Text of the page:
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William L. Shannon, Editor

William L. Shannon, Editor of CISCA

It's Really Quite Incredible!

for the November / December 2002 Issue, CISCA's Interior Construction Magazine

Individuals involved in the commercial construction industry are aware of the perceived necessity of "Three Equals". Although fraught with misinterpretation, it is a commonly used tool to attempt to foster and even assure competition in publicly funded projects.

It is generally accepted, by some, that the approach is necessary to avoid conflicts of interest, or unfair competition, and to assure the public the best possible product at the best possible price. Whether or not the system works as advertised is open to much debate, but after all, the argument goes, "it is public money"!

Accepting this approach too many is troublesome, to say the least! But why in the world would this concept be adopted in the private sector?

Private sector commercial construction encompasses many differing types of projects. Private Schools, Private University Buildings, Corporate Headquarter Buildings, Museums, Performing Arts Centers, Theatres, Hospitals and Health Care Facilities, to name a few. Why would the owners of these facilities ever accept "or equal" for any of the components comprising their outstanding projects? Would any of us accept this concept in our personal lives?

Take a moment to delve into the ownership of these facilities or the source of funds for building them, and you will most certainly find that the funding, the basis of financial support for these projects, generally stems from innovation, imagination, ingenuity, and entrepreneurial talent.

Isn't it odd that these institutions would accept, for a moment, the lowest common denominator for inclusion in their prestigious project? Are the benefactors of the projects aware of the limitations?

Recently a major new hospital research facility was announced. A family was graciously donating more than $20,000,000 towards the design and construction of this magnificent $50,000,000 structure. The benefactor's fortune was amassed through a series of proprietary product developments in the automotive industry. The new Center was to carry the family's name.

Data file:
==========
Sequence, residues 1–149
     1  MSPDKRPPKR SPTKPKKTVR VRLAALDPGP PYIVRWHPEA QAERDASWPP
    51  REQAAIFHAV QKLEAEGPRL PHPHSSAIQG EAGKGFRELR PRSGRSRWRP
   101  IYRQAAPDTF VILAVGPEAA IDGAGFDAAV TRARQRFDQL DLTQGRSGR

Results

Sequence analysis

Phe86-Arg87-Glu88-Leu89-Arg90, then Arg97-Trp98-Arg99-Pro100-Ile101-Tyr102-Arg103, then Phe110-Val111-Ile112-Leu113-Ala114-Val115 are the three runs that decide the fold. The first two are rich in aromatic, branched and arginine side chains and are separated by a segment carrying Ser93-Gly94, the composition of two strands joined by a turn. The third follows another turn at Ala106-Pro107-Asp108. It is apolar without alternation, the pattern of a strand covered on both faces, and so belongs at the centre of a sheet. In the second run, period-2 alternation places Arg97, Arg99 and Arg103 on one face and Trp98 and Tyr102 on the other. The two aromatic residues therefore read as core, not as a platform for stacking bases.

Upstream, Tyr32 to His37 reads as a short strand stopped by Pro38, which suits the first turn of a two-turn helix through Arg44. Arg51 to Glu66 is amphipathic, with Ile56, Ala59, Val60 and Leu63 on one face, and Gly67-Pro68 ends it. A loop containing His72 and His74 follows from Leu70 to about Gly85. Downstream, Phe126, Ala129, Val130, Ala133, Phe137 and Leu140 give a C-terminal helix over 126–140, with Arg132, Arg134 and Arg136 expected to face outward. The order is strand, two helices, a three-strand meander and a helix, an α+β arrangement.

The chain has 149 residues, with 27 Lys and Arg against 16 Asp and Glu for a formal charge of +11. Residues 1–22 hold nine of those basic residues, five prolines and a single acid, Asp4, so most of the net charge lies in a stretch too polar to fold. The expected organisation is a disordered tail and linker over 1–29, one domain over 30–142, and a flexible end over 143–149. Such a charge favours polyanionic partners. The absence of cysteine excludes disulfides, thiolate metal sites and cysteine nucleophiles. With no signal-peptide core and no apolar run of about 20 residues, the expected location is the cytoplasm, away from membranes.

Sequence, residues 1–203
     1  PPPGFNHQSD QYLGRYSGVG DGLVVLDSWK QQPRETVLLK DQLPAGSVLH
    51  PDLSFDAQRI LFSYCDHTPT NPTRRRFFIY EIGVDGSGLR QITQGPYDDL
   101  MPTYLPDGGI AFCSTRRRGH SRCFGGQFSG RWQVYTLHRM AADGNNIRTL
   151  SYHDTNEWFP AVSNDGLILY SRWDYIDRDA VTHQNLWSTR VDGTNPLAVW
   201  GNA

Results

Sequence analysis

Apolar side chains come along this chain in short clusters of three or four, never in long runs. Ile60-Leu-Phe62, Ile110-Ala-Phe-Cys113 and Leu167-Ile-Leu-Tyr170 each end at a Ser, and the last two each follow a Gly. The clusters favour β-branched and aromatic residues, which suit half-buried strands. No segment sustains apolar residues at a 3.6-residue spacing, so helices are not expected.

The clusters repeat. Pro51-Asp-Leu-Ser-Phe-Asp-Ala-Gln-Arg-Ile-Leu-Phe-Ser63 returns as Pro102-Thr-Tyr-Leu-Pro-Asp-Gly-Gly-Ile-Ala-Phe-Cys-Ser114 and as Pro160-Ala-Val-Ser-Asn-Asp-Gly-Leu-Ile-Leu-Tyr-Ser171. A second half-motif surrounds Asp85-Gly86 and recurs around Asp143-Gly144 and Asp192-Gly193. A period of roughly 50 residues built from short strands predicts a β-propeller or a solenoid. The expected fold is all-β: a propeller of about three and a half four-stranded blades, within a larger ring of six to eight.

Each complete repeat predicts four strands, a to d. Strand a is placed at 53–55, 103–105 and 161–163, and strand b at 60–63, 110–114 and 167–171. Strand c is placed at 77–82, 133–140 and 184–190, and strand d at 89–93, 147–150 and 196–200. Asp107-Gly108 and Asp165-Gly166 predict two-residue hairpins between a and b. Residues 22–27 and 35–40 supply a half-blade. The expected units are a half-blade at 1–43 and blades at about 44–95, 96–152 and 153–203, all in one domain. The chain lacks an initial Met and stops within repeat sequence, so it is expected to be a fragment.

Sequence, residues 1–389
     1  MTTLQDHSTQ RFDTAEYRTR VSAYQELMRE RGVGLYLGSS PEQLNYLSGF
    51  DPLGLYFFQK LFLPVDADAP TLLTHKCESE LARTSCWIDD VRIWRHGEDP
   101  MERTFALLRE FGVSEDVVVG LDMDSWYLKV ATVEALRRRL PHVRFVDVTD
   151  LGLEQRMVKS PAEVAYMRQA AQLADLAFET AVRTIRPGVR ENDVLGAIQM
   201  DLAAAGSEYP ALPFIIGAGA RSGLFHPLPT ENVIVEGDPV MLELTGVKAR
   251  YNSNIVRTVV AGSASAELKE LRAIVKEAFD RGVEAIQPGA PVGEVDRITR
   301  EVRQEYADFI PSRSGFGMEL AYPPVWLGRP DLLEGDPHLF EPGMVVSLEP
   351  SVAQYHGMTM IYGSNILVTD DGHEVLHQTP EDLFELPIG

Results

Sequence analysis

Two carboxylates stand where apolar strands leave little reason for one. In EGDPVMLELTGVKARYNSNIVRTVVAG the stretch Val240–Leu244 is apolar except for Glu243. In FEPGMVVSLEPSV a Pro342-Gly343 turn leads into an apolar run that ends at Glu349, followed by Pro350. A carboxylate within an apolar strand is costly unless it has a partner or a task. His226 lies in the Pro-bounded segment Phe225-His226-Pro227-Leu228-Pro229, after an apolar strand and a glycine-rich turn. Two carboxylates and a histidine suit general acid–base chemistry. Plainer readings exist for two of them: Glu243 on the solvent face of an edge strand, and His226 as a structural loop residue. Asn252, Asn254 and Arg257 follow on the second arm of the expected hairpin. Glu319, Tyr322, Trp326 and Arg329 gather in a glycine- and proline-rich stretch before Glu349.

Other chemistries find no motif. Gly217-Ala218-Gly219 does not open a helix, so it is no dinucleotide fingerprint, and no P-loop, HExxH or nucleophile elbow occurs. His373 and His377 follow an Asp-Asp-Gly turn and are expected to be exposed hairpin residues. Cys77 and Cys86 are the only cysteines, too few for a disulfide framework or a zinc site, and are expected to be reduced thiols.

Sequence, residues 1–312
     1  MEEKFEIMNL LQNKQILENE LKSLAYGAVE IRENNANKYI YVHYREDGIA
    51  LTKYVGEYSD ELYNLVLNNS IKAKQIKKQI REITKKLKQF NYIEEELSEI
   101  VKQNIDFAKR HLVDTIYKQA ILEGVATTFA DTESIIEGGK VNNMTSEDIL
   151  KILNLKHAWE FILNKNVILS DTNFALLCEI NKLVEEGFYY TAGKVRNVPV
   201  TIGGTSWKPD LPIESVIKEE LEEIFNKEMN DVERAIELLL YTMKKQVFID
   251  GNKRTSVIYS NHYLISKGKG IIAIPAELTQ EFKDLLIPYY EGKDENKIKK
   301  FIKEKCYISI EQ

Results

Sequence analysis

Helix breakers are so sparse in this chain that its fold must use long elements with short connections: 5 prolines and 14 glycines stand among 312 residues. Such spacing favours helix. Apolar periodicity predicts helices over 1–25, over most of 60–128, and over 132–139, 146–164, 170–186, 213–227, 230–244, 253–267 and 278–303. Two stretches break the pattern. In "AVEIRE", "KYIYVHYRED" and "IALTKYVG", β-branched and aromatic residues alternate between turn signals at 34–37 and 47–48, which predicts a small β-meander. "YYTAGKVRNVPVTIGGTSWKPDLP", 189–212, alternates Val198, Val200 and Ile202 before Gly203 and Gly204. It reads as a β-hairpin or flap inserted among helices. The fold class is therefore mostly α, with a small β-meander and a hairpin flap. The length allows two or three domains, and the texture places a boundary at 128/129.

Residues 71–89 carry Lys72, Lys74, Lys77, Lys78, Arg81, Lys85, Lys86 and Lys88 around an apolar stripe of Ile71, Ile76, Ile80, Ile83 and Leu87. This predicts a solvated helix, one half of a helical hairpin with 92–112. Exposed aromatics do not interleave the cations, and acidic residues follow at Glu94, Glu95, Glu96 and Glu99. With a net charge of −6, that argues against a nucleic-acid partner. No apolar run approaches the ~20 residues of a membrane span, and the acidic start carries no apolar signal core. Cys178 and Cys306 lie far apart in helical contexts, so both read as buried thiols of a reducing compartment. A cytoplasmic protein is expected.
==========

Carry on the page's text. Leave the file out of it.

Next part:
Interestingly the architect was directed, by the institution, to have at least three names for each product on this project. If a product was unique, with no equals, it was not considered, guaranteeing that the most innovative new products would not be included. The funding for the building was created by proprietary innovation. The project was to be deprived of similar construction product or system innovation and guaranteed to contain only "me too" technology. Does the hospital limit their operating procedures to "three or equals"?

This happens every day at major universities, as well. Universities known world wide for their ground breaking technological advances. In these same institutions, students are carefully cultivated to use their imagination, "think outside of the box", develop new and exciting concepts. Simultaneously the architects for the university's new buildings are directed to use only products available from at least three manufacturers, ignoring the product differentiation that often insures excellence. Eliminating new and innovative products and systems! Does that make any sense? Are The Universities Computer systems limited to "three equals"?

Imagine a new high technology company, created and prospering due to Their New Proprietary Products, limiting the architect of their new headquarters building to only products available from three or more manufacturers. Seems strange, doesn't it?

Obviously most construction projects have a budget, and the commensurate concern regarding the cost of various high profile components. The real issue is how to design and build the most creative, innovative and attractive structure on time and within the established budget. Interestingly, the concept of "three equals" can actually be detrimental to the process.

There are, however, many outstanding commercial construction projects utilizing extraordinary, unique, proprietary products. Many owners demand the most recent, "cutting edge" construction technology, products and systems, for use in their buildings. They also demand projects to be on time and delivered within budget! To assure a successful project takes a great deal of detailed planning. Unique, proprietary products do not have to be budget busters!

During the design phase the architect should select the specific products that will best translate their concept into a completed project. Selecting the appropriate manufacturers and products early in the design process. Building a team that can be counted upon to deliver the specified products at the agreed upon price.

Discussing the features and limitations of the various products and systems, being very specific. Ordering samples and detailed drawings. Securing commitments in writing! Supporting the team and ignoring last minute substitutions.

This approach enables the designer and client to assure compatibility of all building components, reducing the unknown, solidifying the budget, and guaranteeing the quality of the finished product.

Clients select outstanding architects to create outstanding buildings. Architects spend countless hours creating their design, selecting, researching and modifying outstanding products and systems for their project. With all of that attention to detail, it's difficult to imagine why anybody would ever accept "Three Equals"!

William L. Shannon CSI, CISCA
President of Shannon Corporation
Recipient of the 2004 De Gelleke Award

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